Advancements in thermal interface materials have reached the resolution limit of typical ASTM D5470 based testers, which is around ±1×10−6 m2K/W. As the interfacial resistance is reduced, the temperature difference at the interface decreases and ultimately becomes difficult to measure. Standard ASTM testers utilize precise temperature sensors and knowledge of the thermal conductivity of the heat meter bar to resolve the temperature difference at the interface. It is difficult to resolve interface resistances on the order of 1×10−6 m2K/W, even when precision RTDs with a resolution of ±0.001°C are utilized, as the location uncertainty of the sensor can become important. Increasing the temperature difference across the interface is necessary for further improvement in the resolution.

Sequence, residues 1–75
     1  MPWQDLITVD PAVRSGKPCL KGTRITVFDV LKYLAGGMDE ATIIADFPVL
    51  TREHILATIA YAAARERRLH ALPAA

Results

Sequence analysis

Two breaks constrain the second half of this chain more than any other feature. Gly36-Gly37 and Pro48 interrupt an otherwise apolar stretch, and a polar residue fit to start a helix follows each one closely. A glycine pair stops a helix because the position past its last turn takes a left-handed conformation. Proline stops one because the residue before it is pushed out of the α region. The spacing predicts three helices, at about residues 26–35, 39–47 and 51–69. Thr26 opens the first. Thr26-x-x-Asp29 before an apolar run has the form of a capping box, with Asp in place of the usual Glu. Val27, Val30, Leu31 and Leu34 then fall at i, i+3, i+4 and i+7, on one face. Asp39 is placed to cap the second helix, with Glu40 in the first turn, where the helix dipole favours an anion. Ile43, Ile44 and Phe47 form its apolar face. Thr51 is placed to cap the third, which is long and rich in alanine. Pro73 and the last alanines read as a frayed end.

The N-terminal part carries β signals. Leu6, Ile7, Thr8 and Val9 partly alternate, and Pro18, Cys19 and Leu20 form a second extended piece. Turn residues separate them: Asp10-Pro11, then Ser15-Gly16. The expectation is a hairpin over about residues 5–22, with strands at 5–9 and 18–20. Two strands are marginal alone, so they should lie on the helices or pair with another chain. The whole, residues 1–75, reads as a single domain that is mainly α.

This work presents a miniature ASTM type tester that was developed to address the resolution limits of standard testers by reducing the heat meter bar thickness, using a chip resistor as the heater element, and using an IR camera to measure the temperature gradient along the meter bar. Reducing the length of the heat meter bars reduces the overall resistance, and increases the resistance of the interface relative to that of the meter bars. Because of the reduced size scale of the miniature tester, measurement of the temperature profile using the typical ASTM approach of embedding temperature probes along the length of the meter bar was not feasible but instead was achieved using a relatively inexpensive uncooled long wavelength infrared camera with a microscope attachment in order to focus down to ∼100 microns. Although the IR camera increases the uncertainty of the measured temperatures, this method is shown to measure a thermal interfacial resistance of 1.45×10−6 m2K/W with an uncertainty of ±1.1×10−7 m2K/W, where the sample interface was a 2 mil AuSn preform soldered interface.